Rotator Cuff Injury Case Study

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Case Study 11: THE PITCHER WITH A SORE ARM 1. Why is Jason given an MRI scan rather than an X ray? Answer: MRI is suited for soft tissue evaluation, e.g. ligament and tendon injury, spinal cord injury, brain tumors etc. However, X-Rays are largely used to examine broken bones. Jason is given an MRI scan rather than an X ray because a muscular disorder is suspected. 2. Why do Jason’s symptoms develop during the season and not during training? Answer: Excessive use of shoulder leads to inflammation and pain in the rotator cuff, the collection of muscles, tendons, and cartilage that stabilize the shoulder joint. As a baseball player, Jason makes a great use of his shoulder and arms to pitch the balls, which may lead to tendonitis,…show more content…
Why does the team physician suspect a rotator cuff injury? How do the results of the physical examination support that diagnosis? Answer: Jason is a baseball player. The team physician suspects a rotator cuff injury, because of the likelihood of this affection in people making a great use of their shoulders, such as athletes, weightlifters, and construction workers. The following results of the physical examination support the diagnosis: • All the muscles are normal except the right arm rotator cuff muscles, which are given a grade of 4- in a manual test. • Right shoulder “droop” and lack of free movement of right arm during walking. • Right shoulder and arm held more closely to body • Abnormal range of motion of the right shoulder, which is reduced and guarded • Inflammation of muscles of the right shoulder. 4. List the muscles of the rotator cuff. Answer: The muscles in the rotator cuff include: Teres minor; Infraspinatus; Supraspinatus;…show more content…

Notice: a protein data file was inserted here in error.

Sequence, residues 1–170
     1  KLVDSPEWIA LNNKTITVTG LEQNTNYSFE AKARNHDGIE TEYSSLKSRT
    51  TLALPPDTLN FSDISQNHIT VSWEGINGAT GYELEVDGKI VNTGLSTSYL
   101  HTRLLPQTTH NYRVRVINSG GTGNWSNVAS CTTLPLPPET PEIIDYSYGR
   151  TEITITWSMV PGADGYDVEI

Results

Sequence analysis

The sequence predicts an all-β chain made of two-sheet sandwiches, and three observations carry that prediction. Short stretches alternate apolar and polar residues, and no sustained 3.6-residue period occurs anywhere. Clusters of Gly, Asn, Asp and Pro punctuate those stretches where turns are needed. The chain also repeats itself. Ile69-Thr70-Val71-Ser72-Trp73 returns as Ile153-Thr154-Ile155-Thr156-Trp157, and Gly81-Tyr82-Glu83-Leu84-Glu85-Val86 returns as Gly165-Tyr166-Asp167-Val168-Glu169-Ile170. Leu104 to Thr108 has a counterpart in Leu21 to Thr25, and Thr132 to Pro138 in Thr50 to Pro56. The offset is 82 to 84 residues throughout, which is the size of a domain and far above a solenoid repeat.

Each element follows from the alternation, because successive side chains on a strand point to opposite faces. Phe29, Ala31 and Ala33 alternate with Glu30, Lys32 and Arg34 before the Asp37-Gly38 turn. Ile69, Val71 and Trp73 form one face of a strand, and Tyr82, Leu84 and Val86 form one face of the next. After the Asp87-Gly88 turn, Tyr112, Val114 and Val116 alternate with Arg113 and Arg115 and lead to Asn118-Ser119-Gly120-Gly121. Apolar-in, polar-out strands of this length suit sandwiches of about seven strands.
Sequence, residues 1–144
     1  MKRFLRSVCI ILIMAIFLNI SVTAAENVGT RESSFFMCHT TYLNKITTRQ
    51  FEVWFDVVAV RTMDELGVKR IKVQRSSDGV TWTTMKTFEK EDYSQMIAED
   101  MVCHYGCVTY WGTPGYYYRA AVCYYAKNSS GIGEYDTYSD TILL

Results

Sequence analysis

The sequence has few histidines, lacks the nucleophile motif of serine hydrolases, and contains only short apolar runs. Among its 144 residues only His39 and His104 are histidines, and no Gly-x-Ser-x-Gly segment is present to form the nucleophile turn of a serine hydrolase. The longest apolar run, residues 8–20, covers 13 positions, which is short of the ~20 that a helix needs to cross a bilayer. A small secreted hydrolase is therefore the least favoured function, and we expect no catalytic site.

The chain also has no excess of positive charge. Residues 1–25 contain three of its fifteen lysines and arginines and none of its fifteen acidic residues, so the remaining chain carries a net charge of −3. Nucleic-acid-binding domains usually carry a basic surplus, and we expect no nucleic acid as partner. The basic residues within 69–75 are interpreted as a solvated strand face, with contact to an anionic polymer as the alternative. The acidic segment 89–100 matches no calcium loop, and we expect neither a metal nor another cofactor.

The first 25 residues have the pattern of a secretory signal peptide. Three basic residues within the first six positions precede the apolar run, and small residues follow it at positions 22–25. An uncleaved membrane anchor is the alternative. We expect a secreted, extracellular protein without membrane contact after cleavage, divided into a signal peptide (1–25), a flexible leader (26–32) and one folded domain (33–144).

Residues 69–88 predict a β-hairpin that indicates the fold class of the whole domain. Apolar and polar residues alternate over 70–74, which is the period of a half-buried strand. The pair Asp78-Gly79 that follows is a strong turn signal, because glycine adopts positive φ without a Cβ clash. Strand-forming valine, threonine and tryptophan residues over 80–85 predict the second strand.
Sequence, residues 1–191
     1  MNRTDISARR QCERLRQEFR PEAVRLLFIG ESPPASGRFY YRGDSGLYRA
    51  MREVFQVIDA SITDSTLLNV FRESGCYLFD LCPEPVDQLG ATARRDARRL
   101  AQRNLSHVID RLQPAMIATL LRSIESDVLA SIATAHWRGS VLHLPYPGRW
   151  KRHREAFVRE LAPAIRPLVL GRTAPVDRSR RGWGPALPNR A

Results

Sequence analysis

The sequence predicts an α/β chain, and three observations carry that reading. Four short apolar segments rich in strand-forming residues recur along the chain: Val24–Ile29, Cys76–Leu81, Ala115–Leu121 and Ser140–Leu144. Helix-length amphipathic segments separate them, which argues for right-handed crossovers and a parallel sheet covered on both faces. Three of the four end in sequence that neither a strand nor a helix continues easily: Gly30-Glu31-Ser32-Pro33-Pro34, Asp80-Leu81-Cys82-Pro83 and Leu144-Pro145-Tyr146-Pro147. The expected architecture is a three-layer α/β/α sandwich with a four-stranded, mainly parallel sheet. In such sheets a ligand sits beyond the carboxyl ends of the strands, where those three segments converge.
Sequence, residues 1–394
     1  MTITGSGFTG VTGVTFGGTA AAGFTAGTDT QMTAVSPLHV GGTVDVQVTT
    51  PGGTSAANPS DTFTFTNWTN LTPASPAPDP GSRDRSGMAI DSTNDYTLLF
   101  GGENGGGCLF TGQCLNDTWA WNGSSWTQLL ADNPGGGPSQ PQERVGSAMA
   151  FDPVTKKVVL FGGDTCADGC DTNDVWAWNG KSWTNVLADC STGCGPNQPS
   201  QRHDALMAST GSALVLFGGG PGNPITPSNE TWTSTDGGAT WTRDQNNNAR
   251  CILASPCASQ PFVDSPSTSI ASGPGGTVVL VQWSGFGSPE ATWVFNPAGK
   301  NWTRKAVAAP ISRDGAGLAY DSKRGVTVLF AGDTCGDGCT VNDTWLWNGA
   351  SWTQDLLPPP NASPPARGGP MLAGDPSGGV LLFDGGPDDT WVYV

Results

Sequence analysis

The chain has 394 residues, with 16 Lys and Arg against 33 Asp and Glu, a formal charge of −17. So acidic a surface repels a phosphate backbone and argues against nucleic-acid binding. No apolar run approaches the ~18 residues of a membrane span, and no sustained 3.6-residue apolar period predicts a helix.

• Atrophied muscle fascicles, a large number of inflammatory cells surrounding the blood vessels. • Histological and histochemical abnormalities • Changes in cell ultrastructure. 8. A patient has drooping upper eyelids and is unable to raise them. Determine the muscles affected and what nerve(s) may be involved. Answer: The muscle is the levator muscle : the major muscle responsible for elevating the upper eyelid. responsible for elevating the upper eyelid. The nerve involved is the oculomotor nerve: the nerve that stimulates the levator muscle. 9. John, a 25-year-old construction worker, is brought to the hospital emergency room with severe damage to his left forearm. The injury occurred when he caught his arm between a wall and some falling steel beams as part of a building collapsed; it took approximately 2 hours to free him. In the emergency room, his arm appears swollen, and laboratory tests reveal elevated concentrations of serum CK, LDH, and aldolase. As John’s condition is monitored, the hospital staff should be alert for: a. the appearance of dark, reddish-brown urine. b. atrophy of the muscles of the left

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